But unionists are looking beyond the border in a different way to nationalists - they will argue that the constitutional question is settled, and that the debate over the border has pretty much gone.
They will point to surveys such as that commissioned by the BBC and the RTÉ state broadcaster last year, which found that only 13% of people in Northern Ireland wanted a united Ireland in the short to medium term.
Northern Ireland First Minister, DUP leader Arlene Foster, said: "All the opinion polls and indeed the census show that people are content with the constitutional position of Northern Ireland.
"There is a huge irony that here we are in 2016, which for a long time was used by republicans as the date by which they wanted to see unification happen - and instead what they have is a Northern Ireland more secure in the union than it has ever been in my lifetime."
Surveys also indicate that more Catholics are in favour of the status quo than not - and that there is a growing recognition that people regard themselves as "Northern Irish", rather than "Irish" or "British".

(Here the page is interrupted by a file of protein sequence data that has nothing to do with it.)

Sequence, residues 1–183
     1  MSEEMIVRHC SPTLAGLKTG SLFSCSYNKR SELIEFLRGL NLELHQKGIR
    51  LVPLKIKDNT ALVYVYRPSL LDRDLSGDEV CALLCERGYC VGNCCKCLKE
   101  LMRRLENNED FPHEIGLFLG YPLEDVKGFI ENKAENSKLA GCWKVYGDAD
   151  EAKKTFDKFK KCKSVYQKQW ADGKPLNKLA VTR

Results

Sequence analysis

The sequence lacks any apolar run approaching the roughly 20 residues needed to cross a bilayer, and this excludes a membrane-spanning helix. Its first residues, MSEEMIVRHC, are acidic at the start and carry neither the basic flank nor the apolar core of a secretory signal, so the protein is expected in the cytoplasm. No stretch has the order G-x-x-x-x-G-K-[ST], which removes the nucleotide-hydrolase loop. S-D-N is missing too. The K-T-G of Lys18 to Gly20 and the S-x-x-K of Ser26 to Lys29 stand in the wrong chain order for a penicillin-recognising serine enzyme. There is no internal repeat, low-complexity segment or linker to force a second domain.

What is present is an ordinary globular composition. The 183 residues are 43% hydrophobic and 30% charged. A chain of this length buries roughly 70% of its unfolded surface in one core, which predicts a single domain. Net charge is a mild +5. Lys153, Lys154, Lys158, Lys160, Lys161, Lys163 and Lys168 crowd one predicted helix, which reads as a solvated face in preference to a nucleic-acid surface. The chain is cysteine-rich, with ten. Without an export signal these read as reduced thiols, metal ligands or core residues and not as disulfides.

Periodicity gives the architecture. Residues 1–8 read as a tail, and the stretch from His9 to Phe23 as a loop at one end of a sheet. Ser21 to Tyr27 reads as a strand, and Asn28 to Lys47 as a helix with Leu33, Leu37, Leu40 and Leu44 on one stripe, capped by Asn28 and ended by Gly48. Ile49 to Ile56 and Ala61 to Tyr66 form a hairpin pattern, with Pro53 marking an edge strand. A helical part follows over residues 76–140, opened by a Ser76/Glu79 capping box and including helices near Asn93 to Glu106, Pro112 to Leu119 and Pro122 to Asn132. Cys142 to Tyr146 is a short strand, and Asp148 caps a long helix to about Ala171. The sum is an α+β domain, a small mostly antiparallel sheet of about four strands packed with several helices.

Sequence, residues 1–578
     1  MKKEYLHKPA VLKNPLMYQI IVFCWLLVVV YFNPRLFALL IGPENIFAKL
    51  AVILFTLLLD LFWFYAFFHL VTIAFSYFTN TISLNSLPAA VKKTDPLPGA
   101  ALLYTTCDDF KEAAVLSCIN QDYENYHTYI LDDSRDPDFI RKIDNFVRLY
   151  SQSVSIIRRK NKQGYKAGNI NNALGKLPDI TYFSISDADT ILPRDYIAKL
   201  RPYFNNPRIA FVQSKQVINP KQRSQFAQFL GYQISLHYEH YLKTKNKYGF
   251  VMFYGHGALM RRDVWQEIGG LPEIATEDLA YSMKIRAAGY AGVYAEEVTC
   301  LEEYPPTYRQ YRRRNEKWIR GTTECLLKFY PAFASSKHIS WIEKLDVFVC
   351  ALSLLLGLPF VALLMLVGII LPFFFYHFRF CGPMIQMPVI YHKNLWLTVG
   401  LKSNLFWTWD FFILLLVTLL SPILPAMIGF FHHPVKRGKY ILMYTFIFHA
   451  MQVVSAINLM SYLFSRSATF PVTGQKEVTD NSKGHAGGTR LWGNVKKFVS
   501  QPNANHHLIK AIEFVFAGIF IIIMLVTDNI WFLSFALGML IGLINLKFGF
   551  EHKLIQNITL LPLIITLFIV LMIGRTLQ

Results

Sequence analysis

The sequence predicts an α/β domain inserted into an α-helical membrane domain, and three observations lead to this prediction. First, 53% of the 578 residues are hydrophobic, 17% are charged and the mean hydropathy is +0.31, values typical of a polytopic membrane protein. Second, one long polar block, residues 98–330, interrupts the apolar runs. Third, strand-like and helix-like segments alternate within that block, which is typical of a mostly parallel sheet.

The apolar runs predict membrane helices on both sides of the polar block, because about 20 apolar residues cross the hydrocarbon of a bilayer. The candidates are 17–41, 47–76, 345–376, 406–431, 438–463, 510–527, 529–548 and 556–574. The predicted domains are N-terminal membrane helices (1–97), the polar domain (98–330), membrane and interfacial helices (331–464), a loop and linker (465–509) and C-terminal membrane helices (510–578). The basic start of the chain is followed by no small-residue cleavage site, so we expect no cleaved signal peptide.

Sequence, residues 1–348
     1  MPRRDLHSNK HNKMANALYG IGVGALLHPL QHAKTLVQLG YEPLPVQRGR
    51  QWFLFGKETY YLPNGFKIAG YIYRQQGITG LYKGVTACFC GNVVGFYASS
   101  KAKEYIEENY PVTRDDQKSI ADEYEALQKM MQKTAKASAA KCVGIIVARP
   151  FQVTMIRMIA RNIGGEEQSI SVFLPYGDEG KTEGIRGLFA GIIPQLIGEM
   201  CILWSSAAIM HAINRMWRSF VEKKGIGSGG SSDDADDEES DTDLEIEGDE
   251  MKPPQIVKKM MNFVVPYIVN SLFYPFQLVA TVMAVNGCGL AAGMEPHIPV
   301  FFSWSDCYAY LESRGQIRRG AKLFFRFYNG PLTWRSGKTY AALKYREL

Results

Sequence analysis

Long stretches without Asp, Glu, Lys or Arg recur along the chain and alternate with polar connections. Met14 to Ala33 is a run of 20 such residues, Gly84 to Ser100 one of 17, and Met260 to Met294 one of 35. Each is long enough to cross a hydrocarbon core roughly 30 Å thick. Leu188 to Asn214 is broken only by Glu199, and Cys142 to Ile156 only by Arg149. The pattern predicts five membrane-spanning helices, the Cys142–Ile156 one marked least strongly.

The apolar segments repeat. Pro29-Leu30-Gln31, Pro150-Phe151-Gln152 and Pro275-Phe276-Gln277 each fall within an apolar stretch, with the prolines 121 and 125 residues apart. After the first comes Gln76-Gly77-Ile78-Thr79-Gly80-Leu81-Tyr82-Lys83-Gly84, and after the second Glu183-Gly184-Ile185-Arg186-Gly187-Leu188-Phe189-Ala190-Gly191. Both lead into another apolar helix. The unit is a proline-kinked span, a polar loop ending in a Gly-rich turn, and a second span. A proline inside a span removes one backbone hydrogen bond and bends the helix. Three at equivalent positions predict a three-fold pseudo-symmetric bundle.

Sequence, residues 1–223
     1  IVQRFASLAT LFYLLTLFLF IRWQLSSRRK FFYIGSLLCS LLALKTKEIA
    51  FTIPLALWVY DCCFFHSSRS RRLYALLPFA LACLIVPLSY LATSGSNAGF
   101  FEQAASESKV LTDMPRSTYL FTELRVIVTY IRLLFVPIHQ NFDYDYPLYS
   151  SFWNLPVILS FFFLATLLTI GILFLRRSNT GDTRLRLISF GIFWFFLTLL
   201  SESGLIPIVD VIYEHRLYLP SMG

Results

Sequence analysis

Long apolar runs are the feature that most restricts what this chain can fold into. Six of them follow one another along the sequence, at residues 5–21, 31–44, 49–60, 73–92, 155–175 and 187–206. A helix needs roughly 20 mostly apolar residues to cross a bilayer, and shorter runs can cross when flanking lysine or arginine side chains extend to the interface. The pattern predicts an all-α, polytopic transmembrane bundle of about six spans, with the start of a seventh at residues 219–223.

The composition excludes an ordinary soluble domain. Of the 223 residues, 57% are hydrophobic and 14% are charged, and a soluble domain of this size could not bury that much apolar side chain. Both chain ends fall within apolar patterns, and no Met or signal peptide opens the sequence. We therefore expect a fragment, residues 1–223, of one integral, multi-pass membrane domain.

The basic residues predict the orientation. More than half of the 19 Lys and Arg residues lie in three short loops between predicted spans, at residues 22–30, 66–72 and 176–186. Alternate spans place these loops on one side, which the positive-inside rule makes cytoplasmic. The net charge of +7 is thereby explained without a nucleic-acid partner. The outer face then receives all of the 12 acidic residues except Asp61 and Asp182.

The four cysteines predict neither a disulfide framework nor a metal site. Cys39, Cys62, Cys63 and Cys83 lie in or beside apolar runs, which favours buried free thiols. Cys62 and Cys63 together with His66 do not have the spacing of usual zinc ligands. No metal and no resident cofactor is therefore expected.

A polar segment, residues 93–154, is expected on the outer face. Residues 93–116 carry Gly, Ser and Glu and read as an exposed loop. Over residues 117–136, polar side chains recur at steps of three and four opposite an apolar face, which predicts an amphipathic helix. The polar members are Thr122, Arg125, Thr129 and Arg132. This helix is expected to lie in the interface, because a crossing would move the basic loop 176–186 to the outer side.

This hint of a developing hybrid political identity, which transcends notions of Britishness and Irishness, is a subtle but significant shift.
Mrs Foster suggests it may be important for unionism in the years ahead: "To be a strong Northern Irish person certainly fits in with my vision of being a unionist within the UK."
Young nationalists see a united Ireland as being a long-term aim - and speak of a need to persuade unionists that they would be better off without the border.
At 32, Colum Eastwood is already the leader of the Social Democratic and Labour Party (SDLP).
It was the strongest Irish nationalist party in Northern Ireland for the last few decades of the 20th century - but has been overtaken by Sinn Féin.